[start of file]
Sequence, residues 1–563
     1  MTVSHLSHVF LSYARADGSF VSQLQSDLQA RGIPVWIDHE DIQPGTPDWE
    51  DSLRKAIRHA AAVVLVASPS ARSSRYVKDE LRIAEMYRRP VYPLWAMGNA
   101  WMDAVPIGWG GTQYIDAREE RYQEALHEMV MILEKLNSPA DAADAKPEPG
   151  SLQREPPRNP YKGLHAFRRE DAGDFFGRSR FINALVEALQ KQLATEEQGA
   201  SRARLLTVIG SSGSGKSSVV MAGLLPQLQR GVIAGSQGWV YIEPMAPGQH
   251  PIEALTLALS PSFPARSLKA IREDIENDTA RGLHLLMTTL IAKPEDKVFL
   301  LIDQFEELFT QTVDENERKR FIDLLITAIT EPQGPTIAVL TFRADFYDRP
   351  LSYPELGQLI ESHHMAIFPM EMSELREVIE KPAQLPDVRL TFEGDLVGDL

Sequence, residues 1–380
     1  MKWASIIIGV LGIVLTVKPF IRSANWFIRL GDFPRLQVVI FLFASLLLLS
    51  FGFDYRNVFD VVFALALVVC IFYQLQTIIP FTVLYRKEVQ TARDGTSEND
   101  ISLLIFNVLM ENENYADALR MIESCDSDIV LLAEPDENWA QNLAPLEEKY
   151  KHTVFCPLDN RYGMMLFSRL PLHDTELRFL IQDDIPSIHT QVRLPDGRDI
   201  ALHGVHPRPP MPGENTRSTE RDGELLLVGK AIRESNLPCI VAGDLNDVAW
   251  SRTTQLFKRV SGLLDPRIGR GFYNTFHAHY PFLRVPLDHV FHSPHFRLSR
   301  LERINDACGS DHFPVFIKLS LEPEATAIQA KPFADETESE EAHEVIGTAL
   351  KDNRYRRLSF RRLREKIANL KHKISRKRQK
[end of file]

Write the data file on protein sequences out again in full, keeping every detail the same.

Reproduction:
Sequence, residues 1–563
     1  MTVSHLSHVF LSYARADGSF VSQLQSDLQA RGIPVWIDHE DIQPGTPDWE
    51  DSLRKAIRHA AAVVLVASPS ARSSRYVKDE LRIAEMYRRP VYPLWAMGNA
   101  WMDAVPIGWG GTQYIDAREE RYQEALHEMV MILEKLNSPA DAADAKPEPG
   151  SLQREPPRNP YKGLHAFRRE DAGDFFGRSR FINALVEALQ KQLATEEQGA
   201  SRARLLTVIG SSGSGKSSVV MAGLLPQLQR GVIAGSQGWV YIEPMAPGQH
   251  PIEALTLALS PSFPARSLKA IREDIENDTA RGLHLLMTTL IAKPEDKVFL
   301  LIDQFEELFT QTVDENERKR FIDLLITAIT EPQGPTIAVL TFRADFYDRP
   351  LSYPELGQLI ESHHMAIFPM EMSELREVIE KPAQLPDVRL TFEGDLVGDL

Sequence, residues 1–380
     1  MKWASIIIGV LGIVLTVKPF IRSANWFIRL GDFPRLQVVI FLFASLLLLS
    51  FGFDYRNVFD VVFALALVVC IFYQLQTIIP FTVLYRKEVQ TARDGTSEND
   101  ISLLIFNVLM ENENYADALR MIESCDSDIV LLAEPDENWA QNLAPLEEKY
   151  KHTVFCPLDN RYGMMLFSRL PLHDTELRFL IQDDIPSIHT QVRLPDGRDI
   201  ALHGVHPRPP MPGENTRSTE RDGELLLVGK AIRESNLPCI VAGDLNDVAW
   251  SRTTQLFKRV SGLLDPRIGR GFYNTFHAHY PFLRVPLDHV FHSPHFRLSR
   301  LERINDACGS DHFPVFIKLS LEPEATAIQA KPFADETESE EAHEVIGTAL
   351  KDNRYRRLSF RRLREKIANL KHKISRKRQK